As a Christian, I feel deep sympathy for the Lakota perspective, even though many elements of their beliefs feel foreign to me. One doesn’t have to agree with every facet to still maintain a ‘tender reverence’ for their rituals, beliefs, and practices as Lakota scholar Craig Howe says.
The Lakota worldview is deeply integrated and whole, connecting beliefs and practices with almost every living and non-living entity, in a way that is not entirely different from the Judeo-Christian worldview.
The Old Testament Psalms provide a window into the Jewish worldview, and it continues to shape Christian belief and worship today. For me, Psalm 19 has been central to my faith. In it, David develops a fascinating view on who God is and his relationship to creation and humanity–indeed, connecting faith in God to all of life.
In the first verse, he announces: “The heavens declare the glory of God, and the sky above proclaims his handiwork.” In the verses that follow, he develops an intimate worldview in which creation reveals and bears witness to its maker, speaking knowledge to all human hearts. While David speaks of God in very personal terms, it is important to note that creation itself is distinct from its creator, and not divine itself. Therefore the natural world as creation can and should be studied, and not just to know more about God.
In another Psalm David sings:
When I look at your heavens, the work of your fingers,
the moon and the stars, which you have set in place,
what is man that you are mindful of him,
and the son of man that you care for him? (ESV, Psalm 8:3-4)
It continues to amaze me that the questions David asked around 3,000 years ago remain our questions. Who are we? Why are we here? Are we alone in the universe? Is there someone who cares, and why?
If you are willing to go deeper, the questions become even more profound, especially at the interface of philosophy and science. How is it possible that we are even able to think about these questions, that we are able to comprehend the structure and shape of this universe, this reality? How is it possible that abstract mathematical models are the most appropriate way to describe physical reality? Is mathematics eternal or temporal, discovered or invented? What does it mean that we have a mind that can engage in both abstract and concrete thinking? What actually is a mind and how does it relate to the brain? Where does our innate sense of morality come from? Especially as we discover more about the staggering fine-tuning of our universe for life, the question is unavoidable. Who are we? Why are we here? The questions go on and on.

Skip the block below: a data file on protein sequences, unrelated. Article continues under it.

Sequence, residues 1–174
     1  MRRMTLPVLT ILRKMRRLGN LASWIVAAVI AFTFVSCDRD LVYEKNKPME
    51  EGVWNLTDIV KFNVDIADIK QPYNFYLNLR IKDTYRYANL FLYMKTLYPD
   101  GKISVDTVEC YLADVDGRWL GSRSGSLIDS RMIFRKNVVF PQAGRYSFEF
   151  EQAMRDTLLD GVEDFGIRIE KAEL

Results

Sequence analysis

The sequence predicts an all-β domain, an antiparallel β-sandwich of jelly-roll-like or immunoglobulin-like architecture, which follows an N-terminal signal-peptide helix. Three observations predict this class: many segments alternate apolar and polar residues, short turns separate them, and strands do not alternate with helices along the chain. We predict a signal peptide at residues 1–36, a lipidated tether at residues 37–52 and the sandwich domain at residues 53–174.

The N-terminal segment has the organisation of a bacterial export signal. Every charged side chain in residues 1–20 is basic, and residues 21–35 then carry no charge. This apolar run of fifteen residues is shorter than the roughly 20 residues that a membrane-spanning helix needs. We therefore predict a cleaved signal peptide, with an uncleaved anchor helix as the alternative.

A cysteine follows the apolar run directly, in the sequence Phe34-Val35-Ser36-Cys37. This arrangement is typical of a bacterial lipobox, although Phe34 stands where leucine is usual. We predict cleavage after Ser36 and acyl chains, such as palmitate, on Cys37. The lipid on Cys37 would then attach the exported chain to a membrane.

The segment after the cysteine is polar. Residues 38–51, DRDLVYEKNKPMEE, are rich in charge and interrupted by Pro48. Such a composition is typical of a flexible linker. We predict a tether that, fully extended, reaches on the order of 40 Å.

I love these kinds of questions, and will be asking them for the rest of my life––one reason that I’m so excited to help foster the pursuit of these kinds of questions at the University of Minnesota through Anselm House. Naturally, such questions transcend the Lakota worldview, but my recent encounters with the Lakota culture have helped me appreciate more deeply the connections between the natural world, the human world and the spiritual world, and to see everything as infused with wonder and meaning. This interconnectedness is often missing in modern science––and academic knowledge more generally–– where so much is disconnected and put in disciplinary boxes. Is there maybe more in the relationships than we think? Is the whole more than the parts? Is this world richer and thicker than the sciences alone can capture?
From a Christian perspective it makes sense. It is what we would expect. A personal God, existing in a triune relationship, is the author of a world that exhibits his character in many different ways: The fine-tuning of the universe for life; A mind that is attuned to this reality; The appropriateness of mathematics for the description of physical reality; An innate sense of right and wrong; A sense of awe and wonder when we look up to the skies.
None of this should surprise us—we are made to ask these questions and to discover more of this reality. And when we do, I’ve become more and more convinced that we are drawn toward God in the process, as has been beautifully captured by St. Anselm in the concluding prayer in his Proslogion:
Teach me to seek You.
I cannot seek You unless You teach me
or find You unless You show Yourself to me.
Let me seek You in my desire,
let me desire You in my seeking.
Let me find You by loving You,
let me love You when I find You.
1. I resonate with Albert Einstein when he said: "The most incomprehensible thing about the universe is that it is comprehensible" (Physics and Reality, 1936).